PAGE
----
Wednesday, September 17, 2014

University and state to employ higher proportion of people with disabilities

As a new state directive aims to increase the proportion of state employees with disabilities, the University of Minnesota is hoping to do the same.

Gov. Mark Dayton’s executive order issued last month would affect the future of Minnesota’s approximately 40,000 employees by requiring state agencies to design more inclusive recruitment and hiring tools, invest in additional human resources personnel and submit progress reports.

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Parents urged to talk to children about race

An Iowa law professor ended a presentation to Drake University students and faculty with a challenge: Talk to children about racial issues before other influencers get hold of them.

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Affirmative Action Revisited

In the aftermath of the civil rights movement of the 1960s, many colleges and universities were under external pressure to admit African-Americans for the first time, or increase their numbers. Many African-Americans of my generation were the beneficiaries of race-conscious decisions, and our numbers, unarguably, contributed to the emergence of a Black professional class in the succeeding decades.

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Study reveals Millennials oppose affirmative action

Millennials may frequently take more liberal stances on issues than their parents, but when it comes to affirmative action, this may not always be the case.

A survey conducted by MTV asked 3,000 Millennials ages 14 to 24 their thoughts on race-related issues, including affirmative action for college acceptance, in May. And what it found was seemingly paradoxical: 90 percent of Millennials surveyed “believe that everyone should be treated the same regardless of race,” yet 88 percent opposed affirmative action.

Thomas Greneker, a senior University of Georgia biology major from Valdosta, said it’s a “tricky debate” because diversity is so important. However, he said he does not think affirmative action is the fairest route to take when creating a diverse community.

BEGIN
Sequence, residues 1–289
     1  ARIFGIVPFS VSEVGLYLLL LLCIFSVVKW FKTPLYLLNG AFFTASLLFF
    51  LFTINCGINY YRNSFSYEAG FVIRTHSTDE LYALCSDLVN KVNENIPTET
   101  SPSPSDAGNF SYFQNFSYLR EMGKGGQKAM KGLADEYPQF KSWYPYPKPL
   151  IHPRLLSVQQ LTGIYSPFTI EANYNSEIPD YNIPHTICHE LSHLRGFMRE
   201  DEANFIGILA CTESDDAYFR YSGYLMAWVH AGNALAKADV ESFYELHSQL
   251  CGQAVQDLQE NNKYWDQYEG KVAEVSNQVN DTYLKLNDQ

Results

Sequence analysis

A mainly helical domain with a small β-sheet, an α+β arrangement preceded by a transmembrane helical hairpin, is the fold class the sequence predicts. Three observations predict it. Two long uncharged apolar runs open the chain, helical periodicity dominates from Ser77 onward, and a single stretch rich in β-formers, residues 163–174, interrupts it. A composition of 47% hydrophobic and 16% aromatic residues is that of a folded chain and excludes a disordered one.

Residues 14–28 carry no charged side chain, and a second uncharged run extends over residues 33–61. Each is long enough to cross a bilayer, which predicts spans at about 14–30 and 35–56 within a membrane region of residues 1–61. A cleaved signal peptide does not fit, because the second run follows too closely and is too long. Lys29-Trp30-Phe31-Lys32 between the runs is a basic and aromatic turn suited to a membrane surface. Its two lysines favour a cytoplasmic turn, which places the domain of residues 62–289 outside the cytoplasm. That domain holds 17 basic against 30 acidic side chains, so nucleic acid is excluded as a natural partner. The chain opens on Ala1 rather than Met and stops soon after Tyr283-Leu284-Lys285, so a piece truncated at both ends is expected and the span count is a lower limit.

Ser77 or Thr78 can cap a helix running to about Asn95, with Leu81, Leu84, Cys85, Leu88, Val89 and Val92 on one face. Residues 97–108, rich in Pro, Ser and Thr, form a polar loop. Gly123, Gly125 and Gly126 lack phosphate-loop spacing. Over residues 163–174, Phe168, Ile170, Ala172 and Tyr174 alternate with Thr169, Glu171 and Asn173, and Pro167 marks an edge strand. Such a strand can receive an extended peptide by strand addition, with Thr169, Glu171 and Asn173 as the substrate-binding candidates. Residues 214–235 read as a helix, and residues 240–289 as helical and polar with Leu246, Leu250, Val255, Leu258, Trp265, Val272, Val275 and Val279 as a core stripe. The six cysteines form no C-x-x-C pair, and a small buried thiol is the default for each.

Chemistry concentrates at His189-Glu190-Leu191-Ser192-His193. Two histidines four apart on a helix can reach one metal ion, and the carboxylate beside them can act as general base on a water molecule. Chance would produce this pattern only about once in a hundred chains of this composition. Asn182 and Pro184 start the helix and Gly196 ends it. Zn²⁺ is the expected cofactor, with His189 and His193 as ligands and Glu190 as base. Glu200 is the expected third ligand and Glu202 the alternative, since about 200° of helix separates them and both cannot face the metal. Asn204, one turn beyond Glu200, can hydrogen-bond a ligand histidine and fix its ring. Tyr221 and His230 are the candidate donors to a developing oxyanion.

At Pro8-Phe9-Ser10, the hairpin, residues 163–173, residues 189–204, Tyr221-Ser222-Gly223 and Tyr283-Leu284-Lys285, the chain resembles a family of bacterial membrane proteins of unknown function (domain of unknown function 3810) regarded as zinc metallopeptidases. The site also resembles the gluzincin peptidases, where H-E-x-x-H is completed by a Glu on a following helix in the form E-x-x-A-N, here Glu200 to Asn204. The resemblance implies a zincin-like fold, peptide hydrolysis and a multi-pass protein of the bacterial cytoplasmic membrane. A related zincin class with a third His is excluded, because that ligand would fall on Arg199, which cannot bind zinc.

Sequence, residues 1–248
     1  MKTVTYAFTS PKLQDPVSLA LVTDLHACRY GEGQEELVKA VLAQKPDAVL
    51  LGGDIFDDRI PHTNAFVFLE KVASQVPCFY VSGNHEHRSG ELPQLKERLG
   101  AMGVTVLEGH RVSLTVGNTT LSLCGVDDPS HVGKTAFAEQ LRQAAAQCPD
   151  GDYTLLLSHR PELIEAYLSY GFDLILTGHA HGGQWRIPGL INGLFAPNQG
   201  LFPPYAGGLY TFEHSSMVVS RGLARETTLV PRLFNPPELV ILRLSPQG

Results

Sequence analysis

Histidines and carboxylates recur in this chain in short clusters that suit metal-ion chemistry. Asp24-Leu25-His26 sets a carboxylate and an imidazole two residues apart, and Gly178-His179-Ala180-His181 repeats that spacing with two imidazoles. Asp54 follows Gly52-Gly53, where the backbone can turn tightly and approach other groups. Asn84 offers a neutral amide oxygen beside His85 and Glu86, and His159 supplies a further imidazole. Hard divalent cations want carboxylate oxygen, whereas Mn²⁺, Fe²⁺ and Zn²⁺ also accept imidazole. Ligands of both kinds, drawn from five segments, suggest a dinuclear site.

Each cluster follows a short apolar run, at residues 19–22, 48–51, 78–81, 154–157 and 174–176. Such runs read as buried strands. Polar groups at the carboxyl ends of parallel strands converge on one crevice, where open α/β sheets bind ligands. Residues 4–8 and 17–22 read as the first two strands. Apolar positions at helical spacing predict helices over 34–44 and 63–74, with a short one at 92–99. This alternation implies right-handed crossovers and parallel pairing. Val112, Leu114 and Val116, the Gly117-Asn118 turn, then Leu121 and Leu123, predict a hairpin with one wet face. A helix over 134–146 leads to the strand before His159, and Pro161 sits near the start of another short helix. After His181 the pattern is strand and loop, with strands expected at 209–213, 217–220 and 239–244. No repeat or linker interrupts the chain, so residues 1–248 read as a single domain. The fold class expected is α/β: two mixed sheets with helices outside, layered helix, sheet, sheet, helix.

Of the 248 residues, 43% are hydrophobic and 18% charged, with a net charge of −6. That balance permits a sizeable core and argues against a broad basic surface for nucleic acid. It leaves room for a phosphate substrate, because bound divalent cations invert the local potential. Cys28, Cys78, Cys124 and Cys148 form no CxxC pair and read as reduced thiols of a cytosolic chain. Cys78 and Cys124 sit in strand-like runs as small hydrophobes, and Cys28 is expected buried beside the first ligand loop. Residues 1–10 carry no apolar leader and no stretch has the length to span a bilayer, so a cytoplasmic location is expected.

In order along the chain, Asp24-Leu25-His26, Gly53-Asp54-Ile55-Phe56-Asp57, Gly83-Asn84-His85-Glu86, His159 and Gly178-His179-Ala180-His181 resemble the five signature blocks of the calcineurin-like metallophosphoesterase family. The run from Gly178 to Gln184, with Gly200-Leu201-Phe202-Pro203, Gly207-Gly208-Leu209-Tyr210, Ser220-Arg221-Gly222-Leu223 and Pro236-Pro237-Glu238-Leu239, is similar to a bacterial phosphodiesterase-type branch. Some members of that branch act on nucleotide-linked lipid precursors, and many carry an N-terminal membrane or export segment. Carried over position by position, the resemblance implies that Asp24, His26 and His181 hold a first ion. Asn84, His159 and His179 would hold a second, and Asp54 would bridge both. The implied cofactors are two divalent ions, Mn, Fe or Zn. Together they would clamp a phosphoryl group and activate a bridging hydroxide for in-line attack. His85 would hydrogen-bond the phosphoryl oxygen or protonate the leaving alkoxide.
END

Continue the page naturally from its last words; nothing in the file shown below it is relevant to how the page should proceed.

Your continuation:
“It’s not an equal approach in a push for equality,” Greneker said.

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Monday, September 15, 2014

Lagarde favours affirmative action to boost 'womenomics'

THE best way to ensure that women secure key posts in government and in the private sector is through the introduction of formal "quota" systems, Christine Lagarde - the first woman to become managing director of the International Monetary Fund (IMF) - declared in Tokyo over the weekend during the World Assembly of Women.

A keynote speaker at the international event, Ms Lagarde said this in answer to a question from a Singapore delegate: that while she had initially been opposed to affirmative action for securing key positions for women in the public and private sectors, she had now changed her mind. Otherwise, "we could wait forever for change".

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How George W. Bush Benefited From Affirmative Action

The current public debate and wave of articles about how colleges can do a better job of providing access to students from low-income families -- including my own article,"Making Top Colleges Less Aristocratic and More Meritocratic"(with Richard Kahlenberg) in Friday's New York Times -- reminds me that for over a century, most colleges have had an affirmative action policy for rich, well-connected white kids. It is called "legacy" admissions.

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A Showdown on the Pay Gap

Closing the persistent wage gap between men and women is important, not only as a matter of fairness but as a matter of rudimentary family economics: Women are the primary or co-breadwinner in more than 60 percent of American families. That makes it all the more urgent to address the conspicuous discrepancy that sees a woman working full-time making 77 cents on average against $1 for a man working full-time.

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